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Lake fishos have a ball
  |  First Published: October 2011



Stable weather has at last allowed anglers to fish offshore and in the estuaries with some degree of confidence.

Pambula Lake is in full swing with fishos having a ball catching a variety of species. It really depends on what you want to target but the flatties have certainly woken up lately.

Those fishing the weed-fringed edges in 4m to 5m of water have fared best, with smaller soft plastics cast to the edges all the go.

You shouldn't have any drama picking up a feed of duskies, with the odd better fish also getting caught.

When fishing like this expect trevally, tailor and salmon, too.

Salmon are in massive schools along the whole South coast and this estuary is no different.

They can be found throughout the basin and into the river section towards the entrance, with soft plastics and smaller metal slugs catching plenty.

They are around 2kg – good fun on lighter braid tackle.

Further into October, those fishing with bait will find some solid bream and whiting. Anchoring up in the channels and using berley is a good way to tempt them.

I'd be using worms for both, nippers for the whiting and tuna cubes for the bream.

Merimbula Lake upstream of the main bridge has been quiet except for some trevally in the channel and tailor in the main basin.

Most of the action has been closer to the entrance with bream, trevally, blackfish, salmon and whiting succumbing to bait and plastics. Fishing the flooding tide has certainly been better and as the month goes on, things should get even better.

REDS, MOWIES

Anglers have done well on snapper and morwong close offshore. There seem to be a lot more sand flathead chewing, which is good to see as they have been a little tough lately.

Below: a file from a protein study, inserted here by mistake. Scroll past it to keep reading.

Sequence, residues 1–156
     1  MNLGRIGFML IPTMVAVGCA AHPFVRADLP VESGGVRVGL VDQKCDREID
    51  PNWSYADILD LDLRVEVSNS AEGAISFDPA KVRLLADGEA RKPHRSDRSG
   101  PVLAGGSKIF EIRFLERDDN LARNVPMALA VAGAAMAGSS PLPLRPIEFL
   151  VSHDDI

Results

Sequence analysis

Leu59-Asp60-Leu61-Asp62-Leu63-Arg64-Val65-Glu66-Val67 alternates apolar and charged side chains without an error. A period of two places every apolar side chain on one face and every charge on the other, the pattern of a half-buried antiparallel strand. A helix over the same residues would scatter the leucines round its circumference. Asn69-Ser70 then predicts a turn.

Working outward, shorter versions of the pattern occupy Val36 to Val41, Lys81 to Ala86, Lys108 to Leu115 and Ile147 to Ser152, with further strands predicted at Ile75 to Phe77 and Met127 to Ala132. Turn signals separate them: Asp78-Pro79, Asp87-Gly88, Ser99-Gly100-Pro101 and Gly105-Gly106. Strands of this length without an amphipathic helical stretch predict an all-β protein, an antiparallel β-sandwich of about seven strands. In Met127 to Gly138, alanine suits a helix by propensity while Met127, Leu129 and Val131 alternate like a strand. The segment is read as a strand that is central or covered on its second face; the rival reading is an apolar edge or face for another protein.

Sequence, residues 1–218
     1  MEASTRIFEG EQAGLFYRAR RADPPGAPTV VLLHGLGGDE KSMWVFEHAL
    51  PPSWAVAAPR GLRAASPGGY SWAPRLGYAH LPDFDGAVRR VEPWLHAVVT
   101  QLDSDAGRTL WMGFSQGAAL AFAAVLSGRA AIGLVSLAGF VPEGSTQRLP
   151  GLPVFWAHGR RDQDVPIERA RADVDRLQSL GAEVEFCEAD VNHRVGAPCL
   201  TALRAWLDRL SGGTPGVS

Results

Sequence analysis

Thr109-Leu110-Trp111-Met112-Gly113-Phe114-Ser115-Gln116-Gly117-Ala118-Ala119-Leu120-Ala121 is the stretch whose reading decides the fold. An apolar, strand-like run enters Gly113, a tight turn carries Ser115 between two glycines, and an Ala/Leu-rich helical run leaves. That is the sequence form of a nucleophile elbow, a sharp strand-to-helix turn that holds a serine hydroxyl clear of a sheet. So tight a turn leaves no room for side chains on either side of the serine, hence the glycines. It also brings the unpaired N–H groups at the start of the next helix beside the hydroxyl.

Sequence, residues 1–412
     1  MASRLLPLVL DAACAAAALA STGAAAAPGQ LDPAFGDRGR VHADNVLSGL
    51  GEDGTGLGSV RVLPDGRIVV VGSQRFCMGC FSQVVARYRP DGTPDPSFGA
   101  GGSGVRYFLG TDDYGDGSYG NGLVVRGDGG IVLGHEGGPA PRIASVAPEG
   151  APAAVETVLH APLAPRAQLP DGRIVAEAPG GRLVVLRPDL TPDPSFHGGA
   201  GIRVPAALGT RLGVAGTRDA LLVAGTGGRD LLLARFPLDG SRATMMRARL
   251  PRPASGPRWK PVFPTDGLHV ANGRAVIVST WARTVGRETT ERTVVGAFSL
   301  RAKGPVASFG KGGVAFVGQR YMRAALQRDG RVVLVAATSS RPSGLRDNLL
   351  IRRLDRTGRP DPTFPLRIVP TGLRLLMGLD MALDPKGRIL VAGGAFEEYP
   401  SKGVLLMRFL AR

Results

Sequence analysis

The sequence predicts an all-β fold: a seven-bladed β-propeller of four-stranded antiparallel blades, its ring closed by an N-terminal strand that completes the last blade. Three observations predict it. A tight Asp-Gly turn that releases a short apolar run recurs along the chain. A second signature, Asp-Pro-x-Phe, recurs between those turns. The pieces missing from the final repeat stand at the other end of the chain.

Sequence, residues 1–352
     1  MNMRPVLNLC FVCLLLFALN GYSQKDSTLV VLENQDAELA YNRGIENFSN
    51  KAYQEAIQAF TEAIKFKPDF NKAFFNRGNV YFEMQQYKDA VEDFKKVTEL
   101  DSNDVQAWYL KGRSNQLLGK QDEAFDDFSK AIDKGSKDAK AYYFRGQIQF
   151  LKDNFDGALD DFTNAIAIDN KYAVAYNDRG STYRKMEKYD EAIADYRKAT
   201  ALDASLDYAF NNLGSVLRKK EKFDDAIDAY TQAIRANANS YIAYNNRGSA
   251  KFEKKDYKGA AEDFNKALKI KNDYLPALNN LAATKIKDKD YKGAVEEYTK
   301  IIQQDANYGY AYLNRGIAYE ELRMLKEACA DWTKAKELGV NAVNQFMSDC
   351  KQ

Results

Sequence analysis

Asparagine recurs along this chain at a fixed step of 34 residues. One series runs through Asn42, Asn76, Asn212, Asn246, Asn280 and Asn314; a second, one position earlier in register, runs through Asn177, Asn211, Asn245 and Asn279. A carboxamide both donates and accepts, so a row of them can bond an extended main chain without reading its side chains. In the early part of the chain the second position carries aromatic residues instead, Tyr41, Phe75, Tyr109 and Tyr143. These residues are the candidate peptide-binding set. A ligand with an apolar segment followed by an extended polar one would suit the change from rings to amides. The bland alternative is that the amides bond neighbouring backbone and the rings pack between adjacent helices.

The Sticks, down off Pambula, has been the place to fish with some local crews getting quality bags, mainly around the tide changes. The bottom fishing should improve further as October goes on.

Those after the pelagics have caught some nice kingfish and bonito by trolling around Long Point. A few kings have nudged 80cm but they are sporadic.

Out wider has been quiet but that will all change soon. With the currents pushing down from up north looking ideal, smaller yellowfin tuna and albacore are possible.

A lot will depend on conditions but when they get here, smaller skirted pushers and bibbed minnows will be the go.

Those fishing the stones have had great fun down at Tura Head. The place has fished well for huge salmon, tailor, bonito and some respectable kingfish.

Most fish are falling to chrome slices up to 50g although whole pilchards on ganged hooks will catch plenty.

If a decent king is your go you can't go past a live bait. You can catch plenty at the northern end of the Tura ledge with yellowtail and slimy mackerel the preferred baits.

If all else fails you will have a load of fun on the salmon. Towards the southern end of the ledge a few locals are getting solid pigs and some nice blackfish on cabbage and cunjevoi.

Beach bream and whiting should increase as the water warms. You usually see some big whiting during October with beachworms and pipis the gun baits.

Try Tura Main; there's a cracking deep gutter at the northern end. Use lightly weighted bait with a little berley.

For salmon, North Tura is the place to go. I walked the dog down there the other day with a flick stick casting small shiners and had a great time.

If you used more traditional beach gear you'll catch as many as you want using a paternoster rig with popper/bait combination.

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